$S_1 \to XB$ (extra $b$ part)

$X\to aXb\mid \varepsilon$ (equal number of $a$ and $b$)

$B \to Bb \mid b$ (one or more $b$'s)

$S_2 \to AX$ (extra $a$ part)

$A \to Aa \mid a$ (one or more $a$'s)

This construction is also used to build more complicated languages, like $\{a^ib^jc^k \mid i,j,k\ge 0 \text{ and }i≠j\text{ or }i≠k\}$ as done in detail by Rick and babou here.

Example 2

$K =\{ a^kb^lc^m \mid l=m+k\}$

A first "obvious" rewrite.

$K =\{ a^kb^{m+k}c^m \mid m,k\ge 0\} = \{ a^kb^mb^kc^m \mid m,k\ge 0\}$

In linguistice this is called "cross-serial dependency": the interleaving $k,m,k,m$ (usually) strongly indicates non-contextfreeness. Of course $m+k=k+m$ and we are saved.

$K =\{ a^kb^{k+m}c^m \mid m,k\ge 0\} = \{ a^kb^kb^mc^m \mid m,k\ge 0\}$

with productions $S\to XY$, $X\to aXb\mid \varepsilon$, $Y\to bYc\mid \varepsilon$

Similarly $K'= \{ a^kb^lc^m \mid m=k+l\} = \{ a^kb^lc^lc^k \mid k,l\ge 0\}$

with productions $S\to aSc \mid X$, $X\to bXc\mid \varepsilon$

Compare the difference in nesting of the variables involved in these languages: $k,k,m,m$ is like $(_k)_k(_m)_m$, where $k,l,l,k$ is like $(_k(_l)_l)_m$.

Example 3

Using the same technique we can solve the language of strings in $1^* 0^* 1^* 0^*$ with equal numbers of $0$ and $1$, or

$K = \{ 1^n 0^m 1^k 0^p \mid n+k=m+p \} $

See elsewhere on our cs.exchange.

Example 4

Here a more complicated example for the nesting (thank you Raphael).

$L=\{b^ka^l(bc)^ma^nb^o \mid k,l,m,n,o\in {\Bbb N},k\neq o,2l=n,m\ge 2 \}$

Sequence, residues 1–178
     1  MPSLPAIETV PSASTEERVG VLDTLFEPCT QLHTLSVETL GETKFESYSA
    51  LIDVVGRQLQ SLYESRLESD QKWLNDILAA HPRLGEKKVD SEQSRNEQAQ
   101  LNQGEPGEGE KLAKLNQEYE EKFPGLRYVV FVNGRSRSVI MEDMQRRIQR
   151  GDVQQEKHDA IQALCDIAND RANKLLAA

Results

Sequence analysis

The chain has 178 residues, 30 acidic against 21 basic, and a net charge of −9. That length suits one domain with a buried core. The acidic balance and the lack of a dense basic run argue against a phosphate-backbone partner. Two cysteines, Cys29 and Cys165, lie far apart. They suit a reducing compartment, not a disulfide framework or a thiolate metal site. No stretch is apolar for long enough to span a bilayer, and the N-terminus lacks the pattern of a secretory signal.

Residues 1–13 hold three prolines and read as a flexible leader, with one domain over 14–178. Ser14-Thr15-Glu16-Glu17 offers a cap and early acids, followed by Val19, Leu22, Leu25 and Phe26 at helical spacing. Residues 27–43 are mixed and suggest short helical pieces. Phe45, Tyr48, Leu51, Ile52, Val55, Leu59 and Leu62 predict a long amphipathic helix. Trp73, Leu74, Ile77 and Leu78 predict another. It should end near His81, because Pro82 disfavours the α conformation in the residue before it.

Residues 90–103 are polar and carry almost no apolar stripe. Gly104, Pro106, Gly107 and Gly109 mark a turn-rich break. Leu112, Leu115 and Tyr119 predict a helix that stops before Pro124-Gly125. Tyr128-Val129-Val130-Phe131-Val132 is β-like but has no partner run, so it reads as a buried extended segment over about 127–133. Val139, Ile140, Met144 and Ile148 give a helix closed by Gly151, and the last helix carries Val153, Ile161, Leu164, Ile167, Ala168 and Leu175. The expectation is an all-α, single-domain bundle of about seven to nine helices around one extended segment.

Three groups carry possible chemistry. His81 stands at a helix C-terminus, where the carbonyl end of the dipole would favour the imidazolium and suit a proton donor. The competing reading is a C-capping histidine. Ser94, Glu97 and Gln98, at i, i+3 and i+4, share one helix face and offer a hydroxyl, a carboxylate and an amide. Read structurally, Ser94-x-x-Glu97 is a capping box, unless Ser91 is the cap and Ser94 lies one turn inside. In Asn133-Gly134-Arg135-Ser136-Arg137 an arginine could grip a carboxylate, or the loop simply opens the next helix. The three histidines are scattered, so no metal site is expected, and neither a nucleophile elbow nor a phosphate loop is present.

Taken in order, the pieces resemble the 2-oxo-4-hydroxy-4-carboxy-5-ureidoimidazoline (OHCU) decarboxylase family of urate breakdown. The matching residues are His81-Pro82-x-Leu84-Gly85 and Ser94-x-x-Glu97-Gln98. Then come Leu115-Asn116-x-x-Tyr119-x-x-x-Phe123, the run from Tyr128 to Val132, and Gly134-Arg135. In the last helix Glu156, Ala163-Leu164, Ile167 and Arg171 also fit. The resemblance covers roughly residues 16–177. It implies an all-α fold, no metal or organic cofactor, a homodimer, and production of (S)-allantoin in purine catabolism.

Replace $n$ by $2l$. We can now drop $n$ in conditions.

Replace $k \neq o$ by $k > o \text{ or } k < o$ (confused? $o$ is 'oh' not 'zero'). Apply tools for union. We work with $k > o$ here. Also $k>o$ iff $k=s+o$ and $s>0$ where $s$ is a new variable. Replace $k$ by $s+o$.

$L_1 =\{b^{s+o}a^l(bc)^ma^{2l}b^o \mid l,m,o,s\in {\Bbb N},s>0,m\ge 2 \}$

Some simple rewrites.

$L_1 =\{bb^sb^o a^l bcbc(bc)^m (aa)^{l}b^o \mid l,m,o,s\in {\Bbb N} \}$

Now we see the nesting structure, and start building a grammar.

$S_1 \to TV$, $T\to bU$, $U\to bU \mid \varepsilon$ (see: concatenation and iteration here)

$V \to bVb \mid W$ (we generate $o$ $b$'s on both sides)

$W \to aWaa\mid X$

$X\to YZ$, $Y\to bcbc$, $Z\to bcZ\mid \varepsilon$

Final comment: these techniques help you come up with a candidate context-free grammar that will hopefully recognize your language. A correctness proof may still be needed, to ensure that the grammar really works to recognize your language (nothing more, and nothing less).


There is one characterisation of CFL that can be of use, the Chomsky-Schützenberger theorem.

Dyck language

Let $T$ an alphabet. We define the Dyck-language $D_T \subseteq (T \cup \hat{T})^*$ of $T$ by the context-free grammar $G = (\{S\}, T \cup \hat{T}, \delta, S)$ with $\delta$ given by

$\qquad\displaystyle S \to aS\hat{a}S \mid \varepsilon, \quad a \in T$.

Chomsky-Schützenberger theorem

$L \subseteq \Sigma^*$ is context-free if and only if there are

  • an alphabet $T$,
  • a regular language $R \subseteq (T \cup \hat{T})^*$ and
  • homomorphism $\psi : (T \cup \hat{T}) \to \Sigma^*$